Estee Lauder Cos. Inc. on Friday nixed a putative class action claim brought by consumers alleging the beauty company overhyped the anti-aging properties of its skin creams, with a New York federal judge finding that the named plaintiff waited too long to notify the company about her problem.
A California federal judge on Thursday postponed ruling on FedEx Corp.'s $228 million proposed settlement with California FedEx Ground drivers who say the company misclassified them as independent contractors, shorting their wages and benefits, saying he's concerned about asking plaintiffs to release their break claims.
A New York federal judge ruled Friday that a state certification exam for teachers administered by the New York City Board of Education does not violate the civil rights of black or Hispanic applicants because the test, although flawed in certain respects, is demonstrably related to the job of teaching to certain standards.
Urban Outfitters Inc. agreed Friday to settle its claims against Visa Inc. and MasterCard Inc. as part of multidistrict antitrust litigation over the credit card companies’ interchange fees, according to a filing in New York federal court.
Neustar Inc. reached a $2.6 million deal with investors Thursday, ending their attempt to revive class claims that Neustar higher-ups misled shareholders about a fumbled bid for a lucrative Federal Communications Commission contract.
Stichting Pensioenfonds DSM Nederland and other Overseas Shipholding Group Inc. investors, who accuse a slew of accounting, financial industry and executive-suite defendants of failing to disclose tax liabilities tied to the formerly bankrupt tanker company, pitched a partial class action settlement to a Manhattan federal judge on Thursday.
A California magistrate judge on Wednesday shot down Frito-Lay Inc.’s proposed $600,000 settlement of a putative wage and overtime class action brought by maintenance mechanics, holding that the plaintiffs’ broad claims don’t offer enough evidence to support class certification and fairness rulings.
The Ninth Circuit sent back to California state court Thursday, five lawsuits over an alleged link between pancreatic cancer and Merck Sharp & Dohme Corp.'s diabetes drugs, reversing a district judge's finding that the suits were a de facto mass action.
A California judge Wednesday certified a class of hundreds of exotic dancers challenging a strip club’s claims that they’re independent contractors, after a state appeals court requested re-evaluation under the California Supreme Court’s Ayala decision holding that workers with common job controls can be certified.
A judge revealed details Tuesday about the improper communications between a lead plaintiffs' attorney in an antitrust class action against American Express Co. and a MasterCard Inc. lawyer, leading to questions about whether that misconduct threatens a related $7.25 billion settlement with MasterCard Inc. and Visa Inc. that the pair worked on.
A Pennsylvania state judge's key role shepherding an overnight negotiation that resulted in Monday's nearly $60 million nationwide settlement ending claims against Bayer Corp. over alleged heart attacks and strokes caused by Yaz, Yasmin and Ocella birth control pills highlights the Philadelphia County court's prowess in handling complex mass tort litigation.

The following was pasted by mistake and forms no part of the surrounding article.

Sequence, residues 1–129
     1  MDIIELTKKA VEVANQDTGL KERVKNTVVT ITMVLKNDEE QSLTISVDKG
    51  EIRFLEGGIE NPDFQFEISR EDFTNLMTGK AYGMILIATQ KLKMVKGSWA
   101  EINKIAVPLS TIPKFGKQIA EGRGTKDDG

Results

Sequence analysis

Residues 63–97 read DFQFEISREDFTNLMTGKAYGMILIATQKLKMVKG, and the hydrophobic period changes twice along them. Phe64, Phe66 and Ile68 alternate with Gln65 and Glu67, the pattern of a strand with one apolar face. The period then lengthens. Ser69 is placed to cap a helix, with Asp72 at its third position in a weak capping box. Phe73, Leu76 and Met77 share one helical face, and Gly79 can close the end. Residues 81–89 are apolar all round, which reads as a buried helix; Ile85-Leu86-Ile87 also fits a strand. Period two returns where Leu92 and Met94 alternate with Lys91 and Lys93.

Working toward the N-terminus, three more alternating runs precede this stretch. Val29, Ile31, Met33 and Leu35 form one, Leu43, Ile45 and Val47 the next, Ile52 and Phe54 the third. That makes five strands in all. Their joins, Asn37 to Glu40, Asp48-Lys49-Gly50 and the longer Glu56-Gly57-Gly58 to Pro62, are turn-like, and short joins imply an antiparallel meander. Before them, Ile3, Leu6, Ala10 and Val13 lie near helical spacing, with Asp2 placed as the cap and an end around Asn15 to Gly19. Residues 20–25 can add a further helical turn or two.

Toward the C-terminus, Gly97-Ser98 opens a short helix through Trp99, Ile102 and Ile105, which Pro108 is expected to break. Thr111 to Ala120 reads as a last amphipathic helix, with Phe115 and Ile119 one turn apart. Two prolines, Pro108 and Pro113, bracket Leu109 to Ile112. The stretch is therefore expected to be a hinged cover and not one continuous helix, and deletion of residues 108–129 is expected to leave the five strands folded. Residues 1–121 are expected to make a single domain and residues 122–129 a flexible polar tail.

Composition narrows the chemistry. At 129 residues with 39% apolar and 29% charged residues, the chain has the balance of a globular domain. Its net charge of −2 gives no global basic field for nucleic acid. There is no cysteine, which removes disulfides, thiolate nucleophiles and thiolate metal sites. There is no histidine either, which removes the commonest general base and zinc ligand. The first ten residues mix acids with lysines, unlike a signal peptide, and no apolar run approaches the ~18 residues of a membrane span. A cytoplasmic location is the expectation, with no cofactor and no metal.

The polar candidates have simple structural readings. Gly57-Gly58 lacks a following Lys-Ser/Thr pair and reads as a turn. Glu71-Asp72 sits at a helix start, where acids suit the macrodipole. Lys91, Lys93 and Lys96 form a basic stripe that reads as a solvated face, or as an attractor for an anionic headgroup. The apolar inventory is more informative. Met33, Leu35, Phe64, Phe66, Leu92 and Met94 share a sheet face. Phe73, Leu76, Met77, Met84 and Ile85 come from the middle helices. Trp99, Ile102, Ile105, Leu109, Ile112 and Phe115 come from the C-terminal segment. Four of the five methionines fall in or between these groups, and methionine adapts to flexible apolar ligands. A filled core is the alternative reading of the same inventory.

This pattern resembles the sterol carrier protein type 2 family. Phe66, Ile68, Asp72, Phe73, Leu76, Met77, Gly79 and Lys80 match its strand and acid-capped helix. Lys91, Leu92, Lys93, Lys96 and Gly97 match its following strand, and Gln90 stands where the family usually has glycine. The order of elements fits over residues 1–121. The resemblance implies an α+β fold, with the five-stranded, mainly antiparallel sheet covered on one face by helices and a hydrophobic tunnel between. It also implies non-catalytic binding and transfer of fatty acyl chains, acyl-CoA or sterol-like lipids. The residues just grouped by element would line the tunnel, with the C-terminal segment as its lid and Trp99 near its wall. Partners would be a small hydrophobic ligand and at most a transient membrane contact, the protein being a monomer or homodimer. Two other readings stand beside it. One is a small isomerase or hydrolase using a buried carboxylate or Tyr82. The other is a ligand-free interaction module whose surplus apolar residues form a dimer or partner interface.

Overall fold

The judge overseeing sprawling multidistrict litigation over Libor manipulation took a few pages out of her latest order to defend her 2013 dismissal of all the antitrust claims from the case following criticism from a fellow Manhattan federal judge involved in a similar dispute over foreign exchange rate-fixing.
An Illinois federal court has trimmed a proposed class action against Tamko Building Products Inc. over fiberglass roofing shingles that allegedly contain design problems that causes them to crack and fall apart well before the products' 30-year warranty period ends.
A California federal judge on Tuesday ordered a proposed putative class to cough up information to a BP LLC unit that will bolster their certification bid in a suit claiming BP sold them faulty solar panels, saying BP has a right to those documents before the plaintiffs move for certification.
The Second Circuit on Tuesday revived truckers' proposed class action claiming the New York Thruway Authority charges unconstitutionally excessive tolls, ruling the state of New York did not have to be included as a defendant to have its interests represented in the suit.
HomeTown Buffet and Old Country Buffet will fork over $2 million to settle a proposed California class action brought by workers who claim the restaurants failed to provide breaks or reimburse employees for gas mileage, according to a Monday federal court filing.
Delta Air Lines Inc. was ordered Monday to pay $2.7 million in fees for its “ineptitude and missteps” in withholding documents from plaintiffs in a baggage fee-fixing multidistrict litigation, when a Georgia federal judge increased a special master’s recommended sanction over 45 percent.